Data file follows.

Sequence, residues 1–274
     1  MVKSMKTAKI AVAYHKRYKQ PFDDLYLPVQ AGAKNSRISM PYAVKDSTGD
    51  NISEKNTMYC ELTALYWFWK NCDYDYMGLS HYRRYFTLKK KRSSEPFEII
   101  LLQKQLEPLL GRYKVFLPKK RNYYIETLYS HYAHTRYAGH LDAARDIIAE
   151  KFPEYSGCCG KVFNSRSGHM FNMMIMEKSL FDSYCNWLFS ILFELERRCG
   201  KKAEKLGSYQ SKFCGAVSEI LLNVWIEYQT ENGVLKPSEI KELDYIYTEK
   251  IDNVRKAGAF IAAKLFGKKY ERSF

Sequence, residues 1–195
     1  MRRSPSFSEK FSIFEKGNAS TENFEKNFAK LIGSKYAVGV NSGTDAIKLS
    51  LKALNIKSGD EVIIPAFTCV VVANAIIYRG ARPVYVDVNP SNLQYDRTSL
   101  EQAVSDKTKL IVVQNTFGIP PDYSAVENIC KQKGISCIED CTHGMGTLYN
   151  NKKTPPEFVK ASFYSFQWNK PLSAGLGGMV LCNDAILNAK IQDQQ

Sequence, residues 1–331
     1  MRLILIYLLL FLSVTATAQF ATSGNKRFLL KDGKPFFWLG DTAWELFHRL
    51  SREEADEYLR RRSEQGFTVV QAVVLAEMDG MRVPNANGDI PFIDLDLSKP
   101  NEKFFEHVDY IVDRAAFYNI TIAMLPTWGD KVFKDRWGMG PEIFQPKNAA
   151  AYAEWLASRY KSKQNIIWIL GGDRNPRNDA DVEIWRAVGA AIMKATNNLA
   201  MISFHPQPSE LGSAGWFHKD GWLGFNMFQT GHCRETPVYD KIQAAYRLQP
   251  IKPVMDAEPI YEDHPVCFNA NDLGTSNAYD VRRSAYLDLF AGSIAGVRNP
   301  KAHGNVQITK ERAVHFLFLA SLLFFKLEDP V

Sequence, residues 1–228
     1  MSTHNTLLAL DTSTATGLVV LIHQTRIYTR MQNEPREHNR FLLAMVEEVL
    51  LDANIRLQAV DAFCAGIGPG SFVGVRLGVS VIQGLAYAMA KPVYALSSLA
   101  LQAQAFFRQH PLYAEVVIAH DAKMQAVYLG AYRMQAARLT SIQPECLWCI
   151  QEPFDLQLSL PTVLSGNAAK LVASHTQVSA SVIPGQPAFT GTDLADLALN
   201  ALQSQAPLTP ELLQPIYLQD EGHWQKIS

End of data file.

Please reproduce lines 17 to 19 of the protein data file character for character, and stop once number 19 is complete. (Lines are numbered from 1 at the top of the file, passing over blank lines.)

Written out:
   151  AYAEWLASRY KSKQNIIWIL GGDRNPRNDA DVEIWRAVGA AIMKATNNLA
   201  MISFHPQPSE LGSAGWFHKD GWLGFNMFQT GHCRETPVYD KIQAAYRLQP
   251  IKPVMDAEPI YEDHPVCFNA NDLGTSNAYD VRRSAYLDLF AGSIAGVRNP